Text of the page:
Why would one use divs to house the individual segments of the date? Would not a span with a display:block work better? That way, when styles are removed or screen reader are used, it would appear like this:

    Jun 30 2009

    …instead of the peculiar:


    Throw in a comma (,) for “Jun 30, 2009″ with a class that will be display:none.

    • You’re absolutely right. Spans would be a better choice. Should have done that first time around. Will update the html as soon as I get a chance.

  19. Very original technique! Now I need to find a suitable case to take advantage of this. Thanks! I like sprites =)

  20. Permalink to comment#

    Woooow thanks for the tip, and easy way to do it!!

  21. Thanks for breaking it down for us, Chris. This is a good reminder that I should be dissecting cool visual elements more often, especially when they are created by geniuses like Karl Swedberg. :)

  22. wow ! really cool one chris …

  23. That’s a sweet little trick they use. Good explanation of the implementation, homefry.

  24. I ♥ Sprites!

  25. Very smart use of sprites.

  26. Adam
    Permalink to comment#

    Wouldn’t it be smarter to determine the position of the image by the class?

    for example, div.d-20 would be (height of day div * 20)

    Would need either js or css generated on the server, but that’s got to be better than typing around 50 declarations.

  27. Very cool. can’t wait to put one together.

  28. Now, I have got to give that a go on the HiddenCSS re-think.

  29. Or in about 3 lines of css you could just use this

  30. I was in site just before enter in CSS-Tricks. Weird!
    Very cool, Chris! Require some work, but the final result is awesome!

  31. Permalink to comment#

    I did a very similar thing about a year ago, mimicking the iCal icon:

    While it’s a nifty idea and definitely looks cool, practically speaking, the sprite and css make for a much larger data payload to the page to display at most a handful of dates.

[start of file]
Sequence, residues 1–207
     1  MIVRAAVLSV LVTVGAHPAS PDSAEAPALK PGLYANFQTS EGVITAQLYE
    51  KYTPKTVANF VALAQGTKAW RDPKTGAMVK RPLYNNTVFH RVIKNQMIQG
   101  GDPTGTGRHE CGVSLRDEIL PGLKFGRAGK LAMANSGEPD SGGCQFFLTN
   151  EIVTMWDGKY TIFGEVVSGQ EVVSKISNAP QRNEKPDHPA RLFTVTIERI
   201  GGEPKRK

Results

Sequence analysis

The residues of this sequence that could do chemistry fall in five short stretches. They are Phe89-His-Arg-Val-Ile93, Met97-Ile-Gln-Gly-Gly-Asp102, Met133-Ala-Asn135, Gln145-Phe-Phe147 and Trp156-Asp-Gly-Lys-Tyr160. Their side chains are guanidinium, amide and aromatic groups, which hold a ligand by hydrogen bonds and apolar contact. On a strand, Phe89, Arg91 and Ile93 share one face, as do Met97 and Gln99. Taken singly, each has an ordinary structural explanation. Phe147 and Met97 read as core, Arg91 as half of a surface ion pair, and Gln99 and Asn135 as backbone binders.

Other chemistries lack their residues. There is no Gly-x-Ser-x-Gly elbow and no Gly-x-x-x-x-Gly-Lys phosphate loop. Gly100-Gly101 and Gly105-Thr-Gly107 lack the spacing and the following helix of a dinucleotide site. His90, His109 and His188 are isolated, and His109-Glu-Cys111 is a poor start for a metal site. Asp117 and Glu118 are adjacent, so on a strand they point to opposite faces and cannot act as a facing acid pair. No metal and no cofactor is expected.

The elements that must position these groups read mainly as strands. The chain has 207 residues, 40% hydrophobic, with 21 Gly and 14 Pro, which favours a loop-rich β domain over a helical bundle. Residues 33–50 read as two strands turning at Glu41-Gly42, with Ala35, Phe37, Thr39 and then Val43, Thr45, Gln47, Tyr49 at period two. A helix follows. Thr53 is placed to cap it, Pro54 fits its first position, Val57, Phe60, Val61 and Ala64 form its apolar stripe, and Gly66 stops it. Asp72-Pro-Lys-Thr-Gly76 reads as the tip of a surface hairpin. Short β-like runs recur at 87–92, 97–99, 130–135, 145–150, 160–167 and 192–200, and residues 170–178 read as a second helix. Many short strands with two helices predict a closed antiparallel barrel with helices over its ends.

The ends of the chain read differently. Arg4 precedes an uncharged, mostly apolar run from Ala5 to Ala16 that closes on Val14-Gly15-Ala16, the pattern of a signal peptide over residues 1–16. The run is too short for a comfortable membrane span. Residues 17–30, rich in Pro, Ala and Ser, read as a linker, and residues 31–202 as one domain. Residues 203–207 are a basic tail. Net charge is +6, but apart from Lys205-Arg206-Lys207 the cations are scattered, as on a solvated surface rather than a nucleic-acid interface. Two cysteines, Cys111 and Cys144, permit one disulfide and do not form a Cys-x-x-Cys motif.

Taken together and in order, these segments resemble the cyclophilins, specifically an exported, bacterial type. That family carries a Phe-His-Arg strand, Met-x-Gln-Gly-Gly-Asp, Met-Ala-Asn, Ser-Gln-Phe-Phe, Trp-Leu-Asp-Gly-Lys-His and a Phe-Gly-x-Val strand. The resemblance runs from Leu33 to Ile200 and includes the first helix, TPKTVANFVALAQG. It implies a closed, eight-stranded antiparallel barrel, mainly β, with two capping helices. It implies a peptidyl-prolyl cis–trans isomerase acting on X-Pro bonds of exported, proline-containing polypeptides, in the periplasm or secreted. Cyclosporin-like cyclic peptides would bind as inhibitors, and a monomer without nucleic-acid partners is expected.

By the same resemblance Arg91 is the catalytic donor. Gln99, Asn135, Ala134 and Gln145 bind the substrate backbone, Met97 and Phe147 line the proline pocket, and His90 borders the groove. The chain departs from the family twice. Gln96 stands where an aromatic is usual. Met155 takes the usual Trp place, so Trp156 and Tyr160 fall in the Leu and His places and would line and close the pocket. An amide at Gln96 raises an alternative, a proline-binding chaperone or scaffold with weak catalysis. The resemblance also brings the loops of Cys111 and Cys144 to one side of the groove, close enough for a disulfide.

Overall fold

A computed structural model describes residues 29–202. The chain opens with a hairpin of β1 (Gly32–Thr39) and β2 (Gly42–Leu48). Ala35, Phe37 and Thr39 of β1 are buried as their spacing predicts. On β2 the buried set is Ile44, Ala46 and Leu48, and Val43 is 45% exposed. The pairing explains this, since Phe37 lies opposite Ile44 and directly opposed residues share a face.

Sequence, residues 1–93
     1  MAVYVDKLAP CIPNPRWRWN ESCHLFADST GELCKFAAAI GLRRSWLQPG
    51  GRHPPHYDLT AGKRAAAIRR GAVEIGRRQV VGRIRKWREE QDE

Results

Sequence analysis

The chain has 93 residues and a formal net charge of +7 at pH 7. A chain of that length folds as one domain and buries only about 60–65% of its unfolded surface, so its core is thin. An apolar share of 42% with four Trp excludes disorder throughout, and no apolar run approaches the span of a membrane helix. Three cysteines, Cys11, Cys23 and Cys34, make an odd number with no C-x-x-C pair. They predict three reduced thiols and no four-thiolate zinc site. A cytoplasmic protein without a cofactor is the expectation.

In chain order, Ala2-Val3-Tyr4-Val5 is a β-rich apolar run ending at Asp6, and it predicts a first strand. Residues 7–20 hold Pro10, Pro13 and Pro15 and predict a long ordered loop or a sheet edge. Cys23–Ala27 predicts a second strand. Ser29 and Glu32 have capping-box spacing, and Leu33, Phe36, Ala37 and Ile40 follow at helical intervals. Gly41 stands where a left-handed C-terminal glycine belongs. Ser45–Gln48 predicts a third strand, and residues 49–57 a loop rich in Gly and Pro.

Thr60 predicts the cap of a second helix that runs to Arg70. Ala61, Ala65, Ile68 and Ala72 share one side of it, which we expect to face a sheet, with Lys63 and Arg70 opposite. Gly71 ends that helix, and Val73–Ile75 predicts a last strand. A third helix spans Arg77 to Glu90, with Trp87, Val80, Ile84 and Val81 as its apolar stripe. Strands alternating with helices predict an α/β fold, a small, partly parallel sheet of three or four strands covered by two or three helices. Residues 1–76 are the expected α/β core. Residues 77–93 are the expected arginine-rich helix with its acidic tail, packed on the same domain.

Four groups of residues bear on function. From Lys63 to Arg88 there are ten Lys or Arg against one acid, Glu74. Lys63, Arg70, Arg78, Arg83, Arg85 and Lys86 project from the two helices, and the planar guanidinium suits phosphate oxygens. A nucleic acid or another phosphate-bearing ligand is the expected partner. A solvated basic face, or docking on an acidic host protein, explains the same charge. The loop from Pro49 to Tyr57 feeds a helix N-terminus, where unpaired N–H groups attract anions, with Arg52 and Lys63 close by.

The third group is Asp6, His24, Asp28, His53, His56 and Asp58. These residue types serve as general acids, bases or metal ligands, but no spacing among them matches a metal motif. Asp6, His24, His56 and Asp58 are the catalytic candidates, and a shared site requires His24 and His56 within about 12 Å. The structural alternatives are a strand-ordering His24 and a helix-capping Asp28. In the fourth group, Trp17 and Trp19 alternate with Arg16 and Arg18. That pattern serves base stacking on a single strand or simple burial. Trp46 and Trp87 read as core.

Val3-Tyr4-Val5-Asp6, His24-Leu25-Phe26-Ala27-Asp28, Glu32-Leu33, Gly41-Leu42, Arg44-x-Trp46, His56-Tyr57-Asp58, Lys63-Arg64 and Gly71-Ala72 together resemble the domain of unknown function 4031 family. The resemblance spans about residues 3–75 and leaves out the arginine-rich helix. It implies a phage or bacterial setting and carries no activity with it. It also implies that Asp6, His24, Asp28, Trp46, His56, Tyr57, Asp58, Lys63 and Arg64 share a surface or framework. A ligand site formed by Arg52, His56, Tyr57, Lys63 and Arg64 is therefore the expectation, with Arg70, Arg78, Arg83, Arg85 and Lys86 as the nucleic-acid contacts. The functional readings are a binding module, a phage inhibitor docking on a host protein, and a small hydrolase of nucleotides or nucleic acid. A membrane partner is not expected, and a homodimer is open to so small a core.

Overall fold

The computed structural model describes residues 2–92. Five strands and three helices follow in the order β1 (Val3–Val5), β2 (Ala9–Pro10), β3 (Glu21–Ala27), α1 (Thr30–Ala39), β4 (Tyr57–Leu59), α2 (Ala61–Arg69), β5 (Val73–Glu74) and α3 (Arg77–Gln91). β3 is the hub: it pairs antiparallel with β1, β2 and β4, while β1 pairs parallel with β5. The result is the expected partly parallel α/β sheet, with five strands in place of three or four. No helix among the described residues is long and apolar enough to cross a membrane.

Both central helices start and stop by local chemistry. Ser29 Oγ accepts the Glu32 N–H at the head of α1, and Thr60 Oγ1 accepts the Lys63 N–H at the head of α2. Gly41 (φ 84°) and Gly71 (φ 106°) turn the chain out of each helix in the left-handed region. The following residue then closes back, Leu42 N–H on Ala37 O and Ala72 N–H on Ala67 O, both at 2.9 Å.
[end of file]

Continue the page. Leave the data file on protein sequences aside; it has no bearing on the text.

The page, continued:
In this particular example, there’s also no need to include the month or day in the sprite except to ensure the font.

  32. This is awesome and very very clever. Thanks!

  33. Permalink to comment#

    isn’t this effect achievable without images in html5/css3? I’d be interested to see how its done in that situation, although the sprites are pretty cool

  34. Well, the sprite thing is something we had to learn. But personally I’m not comfortable using a large stylesheet to define a big list of sprite coordinates for such a little thing. I’m much more interested in some more efficient ways to do so like the one I found at
    It’s pretty much a hack that will break CSS2.1 validation (who cares), but stay tuned to CSS3.

    • There are a couple comments to the tune of how much “extra CSS” this is. I just want to be clear that the above technique, and css sprites in general, are actually incredibly efficient.

      If each one of these dates/months/years was a separate graphic, it would require even more css and slow things down substantially with all the additional http requests.

    • Yeah, but you still could’ve saved yourself a fair amount of rules by using actual text for the parts of the date that don’t need to be rotated. That way, for the most part, the text size can still be increased for those who need it to.